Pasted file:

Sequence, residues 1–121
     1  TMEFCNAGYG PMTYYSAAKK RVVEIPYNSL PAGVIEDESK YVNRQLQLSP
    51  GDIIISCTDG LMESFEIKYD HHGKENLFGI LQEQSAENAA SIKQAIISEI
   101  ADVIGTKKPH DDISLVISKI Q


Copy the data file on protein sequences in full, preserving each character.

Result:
Sequence, residues 1–121
     1  TMEFCNAGYG PMTYYSAAKK RVVEIPYNSL PAGVIEDESK YVNRQLQLSP
    51  GDIIISCTDG LMESFEIKYD HHGKENLFGI LQEQSAENAA SIKQAIISEI
   101  ADVIGTKKPH DDISLVISKI Q